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Where one woman’s search for free tax help lead her

Life as a military spouse is hard. It gets even harder when you receive word that you will soon be referred to as a former military spouse, because your soldier will not be coming home. Next comes the folded flag, and the Gold Star. The refrigerator full of casseroles from well-meaning family members. And the unanswerable questions from the children that will always bear a resemblance to the love that you have lost.

Finding Hope in the Darkest Moments

Lurenda Avery, a resident of Shelby County, Alabama, is used to seeing mountains in her backyard. But nothing could have prepared her for the uphill battle she faced in her household.

In May of 2006, Lurenda and her husband, Ben, were preparing for their first child, Olivia. Things were going well until 24 weeks into her pregnancy when she unexpectedly gave birth. Although little Olivia fought to stay alive for a week, she ultimately didn’t make it.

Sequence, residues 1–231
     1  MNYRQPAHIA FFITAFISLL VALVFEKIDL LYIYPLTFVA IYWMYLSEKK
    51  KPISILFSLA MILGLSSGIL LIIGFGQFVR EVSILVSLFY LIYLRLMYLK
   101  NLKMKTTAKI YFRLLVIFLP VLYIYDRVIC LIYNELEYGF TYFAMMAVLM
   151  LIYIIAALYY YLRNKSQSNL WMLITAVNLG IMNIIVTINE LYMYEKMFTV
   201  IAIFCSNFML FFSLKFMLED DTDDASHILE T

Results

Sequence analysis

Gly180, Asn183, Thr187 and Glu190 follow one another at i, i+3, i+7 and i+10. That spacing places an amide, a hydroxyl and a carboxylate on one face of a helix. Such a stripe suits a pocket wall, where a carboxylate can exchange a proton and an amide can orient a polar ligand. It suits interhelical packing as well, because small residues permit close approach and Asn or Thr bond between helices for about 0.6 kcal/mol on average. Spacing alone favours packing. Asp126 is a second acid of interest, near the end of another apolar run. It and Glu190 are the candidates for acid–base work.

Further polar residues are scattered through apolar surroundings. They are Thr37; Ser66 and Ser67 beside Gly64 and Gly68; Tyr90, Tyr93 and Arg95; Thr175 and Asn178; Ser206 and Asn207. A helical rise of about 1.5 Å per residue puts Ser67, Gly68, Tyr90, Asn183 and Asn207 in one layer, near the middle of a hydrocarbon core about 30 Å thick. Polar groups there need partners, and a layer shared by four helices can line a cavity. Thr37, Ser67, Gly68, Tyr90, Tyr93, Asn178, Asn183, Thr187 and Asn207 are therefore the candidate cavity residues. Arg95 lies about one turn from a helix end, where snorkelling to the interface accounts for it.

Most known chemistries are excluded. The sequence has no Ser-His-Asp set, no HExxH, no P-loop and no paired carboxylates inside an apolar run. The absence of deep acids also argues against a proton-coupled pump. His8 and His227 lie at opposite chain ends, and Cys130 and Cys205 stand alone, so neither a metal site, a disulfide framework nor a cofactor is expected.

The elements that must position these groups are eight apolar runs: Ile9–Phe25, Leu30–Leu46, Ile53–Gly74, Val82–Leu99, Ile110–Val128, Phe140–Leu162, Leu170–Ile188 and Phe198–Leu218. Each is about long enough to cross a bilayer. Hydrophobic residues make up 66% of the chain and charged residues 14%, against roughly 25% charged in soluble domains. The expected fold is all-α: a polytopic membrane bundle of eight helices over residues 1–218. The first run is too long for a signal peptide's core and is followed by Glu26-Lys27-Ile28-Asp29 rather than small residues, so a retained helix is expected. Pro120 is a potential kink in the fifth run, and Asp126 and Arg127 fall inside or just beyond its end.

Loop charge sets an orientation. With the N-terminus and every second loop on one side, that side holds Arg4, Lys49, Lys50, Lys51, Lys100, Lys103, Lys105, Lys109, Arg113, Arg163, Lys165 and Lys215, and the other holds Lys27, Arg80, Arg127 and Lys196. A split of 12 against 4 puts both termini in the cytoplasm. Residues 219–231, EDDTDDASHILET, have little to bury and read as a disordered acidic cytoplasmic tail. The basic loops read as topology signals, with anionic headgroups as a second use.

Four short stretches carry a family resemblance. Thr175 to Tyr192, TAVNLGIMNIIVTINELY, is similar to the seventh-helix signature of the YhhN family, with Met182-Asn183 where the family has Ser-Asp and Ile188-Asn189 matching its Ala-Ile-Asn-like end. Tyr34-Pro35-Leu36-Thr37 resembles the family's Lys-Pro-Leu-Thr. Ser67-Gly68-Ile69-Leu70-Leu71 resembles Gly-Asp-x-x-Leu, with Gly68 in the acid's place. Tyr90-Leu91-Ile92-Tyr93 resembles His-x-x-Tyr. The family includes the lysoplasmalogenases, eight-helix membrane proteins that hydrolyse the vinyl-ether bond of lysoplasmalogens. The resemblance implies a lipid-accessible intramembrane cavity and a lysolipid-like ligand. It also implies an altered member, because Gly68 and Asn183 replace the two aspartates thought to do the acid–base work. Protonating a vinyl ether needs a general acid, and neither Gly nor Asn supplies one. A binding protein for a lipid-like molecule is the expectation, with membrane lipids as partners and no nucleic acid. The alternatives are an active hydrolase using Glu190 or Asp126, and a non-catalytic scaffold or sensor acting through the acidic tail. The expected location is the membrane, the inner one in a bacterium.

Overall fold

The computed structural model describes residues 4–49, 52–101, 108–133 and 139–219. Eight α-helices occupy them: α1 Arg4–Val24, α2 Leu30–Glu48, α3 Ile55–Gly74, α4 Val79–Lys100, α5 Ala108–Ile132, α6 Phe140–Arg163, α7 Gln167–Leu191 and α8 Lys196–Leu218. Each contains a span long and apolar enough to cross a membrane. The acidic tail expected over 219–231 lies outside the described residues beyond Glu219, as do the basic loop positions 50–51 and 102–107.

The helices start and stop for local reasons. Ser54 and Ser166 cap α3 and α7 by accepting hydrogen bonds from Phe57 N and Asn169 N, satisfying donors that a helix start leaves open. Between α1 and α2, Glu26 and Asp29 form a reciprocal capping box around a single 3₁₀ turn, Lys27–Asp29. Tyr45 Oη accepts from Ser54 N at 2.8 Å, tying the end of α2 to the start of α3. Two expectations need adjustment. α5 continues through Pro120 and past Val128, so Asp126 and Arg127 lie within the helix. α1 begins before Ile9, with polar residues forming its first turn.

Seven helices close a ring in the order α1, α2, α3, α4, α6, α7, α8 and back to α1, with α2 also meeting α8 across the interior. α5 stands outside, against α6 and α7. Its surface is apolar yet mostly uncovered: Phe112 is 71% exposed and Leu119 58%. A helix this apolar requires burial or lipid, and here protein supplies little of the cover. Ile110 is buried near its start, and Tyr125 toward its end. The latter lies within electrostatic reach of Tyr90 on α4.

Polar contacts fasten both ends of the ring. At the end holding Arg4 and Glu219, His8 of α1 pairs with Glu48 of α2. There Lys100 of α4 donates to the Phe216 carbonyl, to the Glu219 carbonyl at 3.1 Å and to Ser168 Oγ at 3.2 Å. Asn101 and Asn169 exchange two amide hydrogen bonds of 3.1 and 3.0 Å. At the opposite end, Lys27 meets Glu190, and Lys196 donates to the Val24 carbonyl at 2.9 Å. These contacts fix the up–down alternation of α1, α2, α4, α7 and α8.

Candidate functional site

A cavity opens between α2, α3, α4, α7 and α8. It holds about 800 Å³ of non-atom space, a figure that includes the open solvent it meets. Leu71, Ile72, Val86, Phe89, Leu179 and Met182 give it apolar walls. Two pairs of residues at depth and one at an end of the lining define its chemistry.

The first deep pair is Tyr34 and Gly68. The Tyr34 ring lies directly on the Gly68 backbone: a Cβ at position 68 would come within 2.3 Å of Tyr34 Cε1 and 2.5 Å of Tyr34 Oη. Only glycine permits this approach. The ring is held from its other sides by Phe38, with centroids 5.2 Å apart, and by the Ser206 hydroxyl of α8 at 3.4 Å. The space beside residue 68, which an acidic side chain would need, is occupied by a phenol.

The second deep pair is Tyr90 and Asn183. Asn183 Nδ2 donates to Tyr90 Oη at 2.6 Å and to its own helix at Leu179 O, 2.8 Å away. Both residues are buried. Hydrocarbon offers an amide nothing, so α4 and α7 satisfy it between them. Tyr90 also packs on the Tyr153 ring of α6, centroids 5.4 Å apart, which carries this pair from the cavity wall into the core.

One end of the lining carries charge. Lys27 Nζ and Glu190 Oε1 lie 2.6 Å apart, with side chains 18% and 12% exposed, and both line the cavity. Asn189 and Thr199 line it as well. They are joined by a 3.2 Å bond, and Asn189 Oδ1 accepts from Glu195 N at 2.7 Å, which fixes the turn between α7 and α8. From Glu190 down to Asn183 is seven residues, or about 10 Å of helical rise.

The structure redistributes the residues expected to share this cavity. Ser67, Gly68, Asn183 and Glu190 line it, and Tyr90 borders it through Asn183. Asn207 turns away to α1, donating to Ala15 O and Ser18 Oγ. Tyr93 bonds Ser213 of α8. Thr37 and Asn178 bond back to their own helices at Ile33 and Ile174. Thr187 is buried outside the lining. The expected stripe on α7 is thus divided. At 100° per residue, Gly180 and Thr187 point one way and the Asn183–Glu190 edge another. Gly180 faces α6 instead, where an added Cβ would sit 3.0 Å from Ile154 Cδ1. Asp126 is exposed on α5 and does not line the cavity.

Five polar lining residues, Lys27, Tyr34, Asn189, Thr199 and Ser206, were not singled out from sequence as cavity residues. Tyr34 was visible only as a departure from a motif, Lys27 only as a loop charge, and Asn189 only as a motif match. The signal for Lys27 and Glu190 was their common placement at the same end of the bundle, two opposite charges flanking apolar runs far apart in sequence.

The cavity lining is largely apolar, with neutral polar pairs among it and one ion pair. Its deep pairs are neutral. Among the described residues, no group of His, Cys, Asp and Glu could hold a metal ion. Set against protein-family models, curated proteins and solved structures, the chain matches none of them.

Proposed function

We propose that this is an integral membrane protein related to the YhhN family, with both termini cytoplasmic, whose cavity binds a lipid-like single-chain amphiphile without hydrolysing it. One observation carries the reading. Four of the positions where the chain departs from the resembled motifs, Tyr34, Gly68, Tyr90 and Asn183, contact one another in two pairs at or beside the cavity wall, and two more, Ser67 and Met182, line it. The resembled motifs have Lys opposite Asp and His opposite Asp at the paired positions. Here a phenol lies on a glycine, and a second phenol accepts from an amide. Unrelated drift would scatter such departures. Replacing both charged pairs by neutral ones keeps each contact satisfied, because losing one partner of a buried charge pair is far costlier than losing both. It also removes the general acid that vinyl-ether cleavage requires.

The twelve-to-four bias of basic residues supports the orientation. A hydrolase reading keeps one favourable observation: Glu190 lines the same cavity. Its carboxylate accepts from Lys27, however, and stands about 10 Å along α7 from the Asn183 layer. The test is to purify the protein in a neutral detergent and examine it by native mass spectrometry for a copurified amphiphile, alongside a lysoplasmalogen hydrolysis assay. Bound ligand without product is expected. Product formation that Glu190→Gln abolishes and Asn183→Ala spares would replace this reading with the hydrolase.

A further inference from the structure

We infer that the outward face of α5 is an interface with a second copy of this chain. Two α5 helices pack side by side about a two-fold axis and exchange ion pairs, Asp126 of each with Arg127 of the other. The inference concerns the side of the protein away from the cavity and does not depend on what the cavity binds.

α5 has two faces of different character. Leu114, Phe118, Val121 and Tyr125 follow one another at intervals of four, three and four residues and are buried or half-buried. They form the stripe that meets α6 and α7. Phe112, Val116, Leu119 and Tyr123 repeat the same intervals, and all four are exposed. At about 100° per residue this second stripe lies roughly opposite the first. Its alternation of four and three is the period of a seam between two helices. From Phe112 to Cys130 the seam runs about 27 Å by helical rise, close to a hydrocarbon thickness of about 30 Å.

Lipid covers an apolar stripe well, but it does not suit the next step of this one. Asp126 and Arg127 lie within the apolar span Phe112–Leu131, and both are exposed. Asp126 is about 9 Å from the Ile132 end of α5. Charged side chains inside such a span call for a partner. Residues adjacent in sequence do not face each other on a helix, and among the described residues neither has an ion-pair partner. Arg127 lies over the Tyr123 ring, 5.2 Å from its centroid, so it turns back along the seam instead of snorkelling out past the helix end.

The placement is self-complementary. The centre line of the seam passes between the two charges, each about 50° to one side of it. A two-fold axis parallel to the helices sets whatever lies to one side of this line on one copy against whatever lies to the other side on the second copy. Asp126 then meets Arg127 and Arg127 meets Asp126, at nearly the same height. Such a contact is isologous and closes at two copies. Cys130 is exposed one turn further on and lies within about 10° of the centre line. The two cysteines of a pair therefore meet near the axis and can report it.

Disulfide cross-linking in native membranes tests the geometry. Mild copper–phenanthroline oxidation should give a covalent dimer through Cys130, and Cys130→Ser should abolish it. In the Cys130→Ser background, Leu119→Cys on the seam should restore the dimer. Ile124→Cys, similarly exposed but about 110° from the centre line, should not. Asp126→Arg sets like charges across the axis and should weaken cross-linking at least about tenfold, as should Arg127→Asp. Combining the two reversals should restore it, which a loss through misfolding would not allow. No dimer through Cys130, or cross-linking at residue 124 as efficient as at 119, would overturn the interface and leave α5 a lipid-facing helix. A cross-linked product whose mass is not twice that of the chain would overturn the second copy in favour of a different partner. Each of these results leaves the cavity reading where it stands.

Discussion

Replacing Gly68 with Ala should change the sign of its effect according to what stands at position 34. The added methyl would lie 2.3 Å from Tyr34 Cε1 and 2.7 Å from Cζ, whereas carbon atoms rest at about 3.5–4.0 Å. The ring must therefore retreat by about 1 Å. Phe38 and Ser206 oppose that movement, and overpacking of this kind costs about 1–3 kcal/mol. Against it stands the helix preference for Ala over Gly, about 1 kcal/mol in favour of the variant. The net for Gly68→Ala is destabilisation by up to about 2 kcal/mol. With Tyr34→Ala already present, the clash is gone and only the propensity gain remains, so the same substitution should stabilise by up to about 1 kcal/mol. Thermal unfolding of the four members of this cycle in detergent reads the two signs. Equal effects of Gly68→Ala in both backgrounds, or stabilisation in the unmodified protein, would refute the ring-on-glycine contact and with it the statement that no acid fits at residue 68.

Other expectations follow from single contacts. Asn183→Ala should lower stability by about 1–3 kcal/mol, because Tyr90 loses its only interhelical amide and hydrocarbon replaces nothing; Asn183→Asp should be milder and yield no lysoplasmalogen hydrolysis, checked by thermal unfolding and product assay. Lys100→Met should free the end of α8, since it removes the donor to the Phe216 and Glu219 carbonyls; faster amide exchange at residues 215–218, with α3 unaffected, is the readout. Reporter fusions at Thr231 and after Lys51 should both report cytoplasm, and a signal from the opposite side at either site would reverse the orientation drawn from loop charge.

Instilling a Love of Reading in Young Children

Nearly one third of Florida's third graders attending public school can’t read at minimally proficient levels.  And, unless they improve their skills, these kids are four times more likely to drop out of high school.

That’s where United Way's ReadingPals comes in. We know research shows that reading aloud to kids can help them develop into strong readers – a building block for a lifetime of academic success. ReadingPals connects passionate, committed volunteers with preschoolers who need a little extra help getting ready for kindergarten.

Volunteers Feeding Bellies and Brains to Help Middle Schoolers Thrive

Middle school kids go through profound physical, emotional and social changes, and it can be a rough time for them, their parents and caregivers, and teachers, too. Research shows that strengthening the middle grades experience is critical for improving high school graduation rates.

School’s out for summer – time to pick up that book!

Most kids are ecstatic when the last day of school rolls around—and for good reason.

No more homework.

No more tests.

And no more stressing about grades.

For the next few months, they can kick back and relax—sort of.

When school’s out, educators worry that kids will fall behind and lose what they learned, experiencing what’s called the “summer slide.”

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